SEATTLE — LGBT seniors and baby boomers — a group whose numbers are expected to be more than 4 million by 2030 — have greater rates of disability, depression, and loneliness compared with heterosexuals of similar ages, according to a new study from the University of Washington’s School of Social Work.
The study, which surveyed 2,560 LGBT adults aged 50-95 across the United States, also highlighted the unique needs of this aging group, including fear of discrimination, the lack of children to depend on as caregivers, and less social support and financial security with age, as older LGBT adults are less likely to be partnered or married.
The study, released Nov. 16 and led by Karen Fredriksen-Goldsen and colleagues at the University of Washington, indicates that prevention and intervention strategies must be developed to address the unique needs of these seniors, whose numbers are expected to double to more than 4 million by 2030.
“The higher rates of aging and health disparities among lesbian, gay, bisexual, and transgender older adults is a major concern for public health,” said Fredriksen-Goldsen, a UW professor of social work and director of UW’s Institute for Multigenerational Health.
“The health disparities reflect the historical and social context of their lives, and the serious adversity they have encountered can jeopardize their health and willingness to seek services in old age.”
Fredriksen-Goldsen presented some of the study’s key findings last week during a congressional briefing.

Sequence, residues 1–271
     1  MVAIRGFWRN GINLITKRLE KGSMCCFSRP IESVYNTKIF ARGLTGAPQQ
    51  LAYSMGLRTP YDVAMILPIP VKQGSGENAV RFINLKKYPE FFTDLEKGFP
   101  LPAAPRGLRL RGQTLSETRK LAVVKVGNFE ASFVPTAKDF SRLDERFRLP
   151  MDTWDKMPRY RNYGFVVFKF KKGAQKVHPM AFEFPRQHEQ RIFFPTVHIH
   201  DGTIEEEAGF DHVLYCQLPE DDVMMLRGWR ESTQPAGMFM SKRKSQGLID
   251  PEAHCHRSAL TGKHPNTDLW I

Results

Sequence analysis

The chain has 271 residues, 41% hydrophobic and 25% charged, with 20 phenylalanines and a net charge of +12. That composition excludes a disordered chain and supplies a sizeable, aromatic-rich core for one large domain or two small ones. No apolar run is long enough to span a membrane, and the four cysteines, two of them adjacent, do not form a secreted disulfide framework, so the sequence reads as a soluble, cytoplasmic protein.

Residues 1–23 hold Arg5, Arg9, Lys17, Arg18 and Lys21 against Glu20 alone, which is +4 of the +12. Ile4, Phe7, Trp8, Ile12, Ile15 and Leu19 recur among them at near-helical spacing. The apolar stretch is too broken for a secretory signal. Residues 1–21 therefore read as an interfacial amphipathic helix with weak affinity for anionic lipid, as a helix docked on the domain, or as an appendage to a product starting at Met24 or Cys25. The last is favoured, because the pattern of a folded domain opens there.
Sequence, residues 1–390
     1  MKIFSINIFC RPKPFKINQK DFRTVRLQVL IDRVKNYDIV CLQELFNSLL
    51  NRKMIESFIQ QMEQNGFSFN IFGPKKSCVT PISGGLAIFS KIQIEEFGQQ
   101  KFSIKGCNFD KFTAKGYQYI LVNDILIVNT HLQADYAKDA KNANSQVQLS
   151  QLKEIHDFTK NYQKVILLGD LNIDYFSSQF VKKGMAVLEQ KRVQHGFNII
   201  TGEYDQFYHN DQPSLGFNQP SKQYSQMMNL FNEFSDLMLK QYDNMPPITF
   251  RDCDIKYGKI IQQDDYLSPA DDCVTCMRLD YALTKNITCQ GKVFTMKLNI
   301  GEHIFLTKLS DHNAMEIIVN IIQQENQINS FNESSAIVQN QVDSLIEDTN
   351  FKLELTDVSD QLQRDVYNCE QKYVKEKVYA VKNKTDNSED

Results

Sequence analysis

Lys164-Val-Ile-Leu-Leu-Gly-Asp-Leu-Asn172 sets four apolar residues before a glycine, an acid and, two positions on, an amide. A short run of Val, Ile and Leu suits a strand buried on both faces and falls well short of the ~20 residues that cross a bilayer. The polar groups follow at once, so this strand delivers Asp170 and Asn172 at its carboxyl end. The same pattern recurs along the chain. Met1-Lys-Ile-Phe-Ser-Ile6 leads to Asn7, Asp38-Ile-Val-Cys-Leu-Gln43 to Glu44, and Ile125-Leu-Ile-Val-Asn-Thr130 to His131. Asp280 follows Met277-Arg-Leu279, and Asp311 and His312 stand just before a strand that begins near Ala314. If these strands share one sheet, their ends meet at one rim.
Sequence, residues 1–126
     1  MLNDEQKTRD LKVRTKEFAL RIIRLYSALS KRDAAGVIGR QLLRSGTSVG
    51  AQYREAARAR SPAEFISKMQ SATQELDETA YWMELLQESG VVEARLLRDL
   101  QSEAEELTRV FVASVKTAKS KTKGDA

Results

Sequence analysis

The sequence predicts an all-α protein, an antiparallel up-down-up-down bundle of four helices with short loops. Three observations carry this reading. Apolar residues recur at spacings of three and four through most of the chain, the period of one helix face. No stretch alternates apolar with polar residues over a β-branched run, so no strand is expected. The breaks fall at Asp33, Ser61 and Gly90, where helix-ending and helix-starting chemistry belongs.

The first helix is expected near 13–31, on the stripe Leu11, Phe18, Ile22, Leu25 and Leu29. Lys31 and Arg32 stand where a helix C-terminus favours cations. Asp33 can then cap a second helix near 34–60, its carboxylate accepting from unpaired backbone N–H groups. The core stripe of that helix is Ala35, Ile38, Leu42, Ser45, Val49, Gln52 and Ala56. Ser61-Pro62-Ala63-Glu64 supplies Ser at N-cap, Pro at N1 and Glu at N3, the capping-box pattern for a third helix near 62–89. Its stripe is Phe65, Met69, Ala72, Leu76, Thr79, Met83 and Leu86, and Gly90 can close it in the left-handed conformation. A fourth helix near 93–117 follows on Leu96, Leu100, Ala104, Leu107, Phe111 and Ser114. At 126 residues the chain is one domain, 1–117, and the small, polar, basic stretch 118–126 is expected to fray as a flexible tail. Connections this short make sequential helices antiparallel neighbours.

The study highlights how these adults have unique circumstances, such as fear of discrimination and often the lack of children to help them. Senior housing, transportation, legal services, support groups and social events were the most commonly cited services needed in the LGBT community, according to the study.
The study also revealed that 80 percent of LGBT seniors had been victimized at least once during their lifetimes, including verbal and physical assaults, threats of physical violence and being “outed,” and damaged property.
Twenty-one percent of those surveyed did not tell their doctors about their sexual orientation or gender identity out of fear of receiving inferior health care or being turned away for services, which 13 percent of respondents had endured. As one respondent, a 67-year-old gay man, put it, “I was advised by my primary care doctor to not get my HIV tested there, but rather do it anonymously, because he knew they were discriminating.”
Lack of openness about sexuality “prevents discussions about sexual health, risk of breast or prostate cancer, hepatitis, HIV risk, hormone therapy or other risk factors,” Fredriksen-Goldsen said.
The good news? “LGBT older adults are resilient and living their lives and building their communities,” Fredriksen-Goldsen said.
Of the study’s respondents, 91 percent reported using wellness activities such as meditation and 82 percent said they regularly exercised. Nearly all – 90 percent – felt good about belonging to their communities. And 38 percent stated that they attended spiritual or religious services, indicating a promising social outlet.
Social connections are key, the study noted because, unlike their heterosexual counterparts, most lesbian, gay, bisexual and transgender seniors rely heavily on partners and friends of similar age to provide assistance as they age. While social ties are critical, there may be limits to the ability of those older adults to “provide care over the long-term, especially if decision-making is required for the older adult receiving care,” Fredriksen-Goldsen said.
The study was funded by the National Institutes of Health and the National Institute on Aging.